All aboard! This week, a bit about the musical language of railroad conductors’ calls: “Anaheim, Azusa, and Cu-ca-monga!” Also, the origin of the military slang term cumshaw, tips for learning Latin, the influence of Spanish immigrants on English, and the funny story behind why plain-talking Texans say, “We’re going to tell how the cow ate the cabbage.”

This episode first aired November 9, 2009.

Download the MP3.

 Railroad Conductor Language
A trip to the California State Railroad Museum has Grant musing about the way language can change in the mouth of a single individual— in this case, railroad conductors. He recommends a collection of sound files from metros and subways around the world. For different type of stroll down mem’ry lane, check out Mel Blanc’s version of a train conductor here.

 Shut Up!
Does anyone still say “Shut UP!” to mean “No way!”? A forty-something riding instructor says this Seinfeldian locution confuses some of her younger students.

 Southern Phrase “I’d Have Liked To”
A caller wonders why his North Carolina-born partner uses the phrase “I’d have liked to” instead of “I almost” or “I nearly,” as in “I’d have liked to died laughing.”

 Rhyming Dance Names Quiz
Quiz Guy John Chaneski starts a whole lotta shakin’ with his puzzle about dances with rhyming names. How about the dance that involves many missteps while dancing to the music of Johann Strauss?

 “Ouch” in Other Languages
Is “Ouch!” a universal word, or does what you say when you stub your toe depend on what language you speak?

 Cumshaw Artists
A Seattle-area veteran remembers that in Vietnam he and others like him were known as cumshaw artists. They were the guys who scared up and “permanently borrowed” whatever their unit needed— gasoline, vehicle parts, or whiskey for a party. He’s always wondered about the appellation.

 How the Cow Ate the Cabbage
The phrase “Let’s talk about how the cow ate the cabbage” means “Let’s talk frankly.” The hosts talk plainly about the naughty tale that may be behind it.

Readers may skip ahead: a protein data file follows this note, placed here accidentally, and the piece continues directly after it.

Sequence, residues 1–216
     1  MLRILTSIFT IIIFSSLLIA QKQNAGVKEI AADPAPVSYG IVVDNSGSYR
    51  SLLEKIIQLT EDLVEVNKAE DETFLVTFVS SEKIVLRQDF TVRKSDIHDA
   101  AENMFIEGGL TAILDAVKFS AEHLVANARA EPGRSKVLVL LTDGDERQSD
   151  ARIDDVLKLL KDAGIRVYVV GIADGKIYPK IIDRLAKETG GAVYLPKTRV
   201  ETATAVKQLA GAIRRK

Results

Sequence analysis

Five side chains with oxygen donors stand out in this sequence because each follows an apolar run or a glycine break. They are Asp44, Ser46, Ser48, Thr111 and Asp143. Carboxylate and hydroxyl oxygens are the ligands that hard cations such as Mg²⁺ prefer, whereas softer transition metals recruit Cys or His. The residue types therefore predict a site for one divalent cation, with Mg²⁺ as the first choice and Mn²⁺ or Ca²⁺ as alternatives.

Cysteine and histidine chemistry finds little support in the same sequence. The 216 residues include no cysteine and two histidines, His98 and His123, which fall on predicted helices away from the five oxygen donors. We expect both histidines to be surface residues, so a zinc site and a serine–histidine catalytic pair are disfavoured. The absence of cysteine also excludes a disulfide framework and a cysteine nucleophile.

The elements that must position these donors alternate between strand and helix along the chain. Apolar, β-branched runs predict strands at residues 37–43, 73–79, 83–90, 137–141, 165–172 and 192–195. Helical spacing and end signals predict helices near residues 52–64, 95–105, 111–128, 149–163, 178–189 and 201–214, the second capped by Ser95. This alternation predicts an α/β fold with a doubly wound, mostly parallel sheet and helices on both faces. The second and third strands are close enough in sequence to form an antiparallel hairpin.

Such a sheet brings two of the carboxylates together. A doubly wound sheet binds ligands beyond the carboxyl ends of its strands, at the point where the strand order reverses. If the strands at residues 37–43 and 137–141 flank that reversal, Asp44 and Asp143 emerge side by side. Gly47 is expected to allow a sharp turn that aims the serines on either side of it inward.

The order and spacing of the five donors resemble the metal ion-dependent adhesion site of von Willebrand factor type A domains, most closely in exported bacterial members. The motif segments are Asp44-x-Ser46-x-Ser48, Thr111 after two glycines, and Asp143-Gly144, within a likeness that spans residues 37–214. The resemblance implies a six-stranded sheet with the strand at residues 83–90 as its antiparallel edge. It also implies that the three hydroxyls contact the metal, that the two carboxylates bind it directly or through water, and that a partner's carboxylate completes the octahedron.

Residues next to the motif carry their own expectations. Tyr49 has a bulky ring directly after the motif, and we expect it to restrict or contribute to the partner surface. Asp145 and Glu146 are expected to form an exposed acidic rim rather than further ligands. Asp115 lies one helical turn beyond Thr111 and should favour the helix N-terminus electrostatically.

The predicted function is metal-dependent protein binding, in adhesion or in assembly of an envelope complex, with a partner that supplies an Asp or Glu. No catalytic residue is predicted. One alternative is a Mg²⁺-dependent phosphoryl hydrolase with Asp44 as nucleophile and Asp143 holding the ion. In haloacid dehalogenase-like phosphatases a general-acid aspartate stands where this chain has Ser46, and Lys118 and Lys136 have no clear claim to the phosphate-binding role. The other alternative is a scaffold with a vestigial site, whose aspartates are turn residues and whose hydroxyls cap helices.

Books for Learning Latin
It’s never too late to start learning Latin, a language that will deepen your understanding and appreciation of English. Martha offers tips on how to begin: Getting Started with Latin, by William E. Linney, and Virent Ova! Viret Perna! (Green Eggs and Ham in Latin) by Dr. Seuss, with translation help from Jennifer and Terence Tunberg.

 Yesterday Follows Today Riddle
A riddle: There’s a place where yesterday follows today, and tomorrow’s in the middle. Where is it?

 Scarf as a Verb
The word scarf, meaning “to eat rapidly and greedily,” has a long, winding history. Grant helps a listener unravel it.

A die-hard Tyler Perry fan is curious about an emphatic expression she’s heard in some of his movies: Hell-to-the-no. What’s up with the extra words?

 Spanish Influencing English
A second-generation Mexican-American wonders how much the English language is being influenced by Spanish, especially after a misunderstanding when he turned to his date in the passenger seat and asked if she wanted to “get down.”

 On One Foot Riddle
Another riddle: I stand on one foot, and my heart is in my head. Who am I?

This episode is hosted by Martha Barnette and Grant Barrett, and produced by Stefanie Levine.

Photo by David Wilson. Used under a Creative Commons license.

Books Mentioned in the Broadcast

Getting Started with Latin by William E. Linney
Virent Ova! Viret Perna! (Green Eggs and Ham in Latin) by Dr. Seuss

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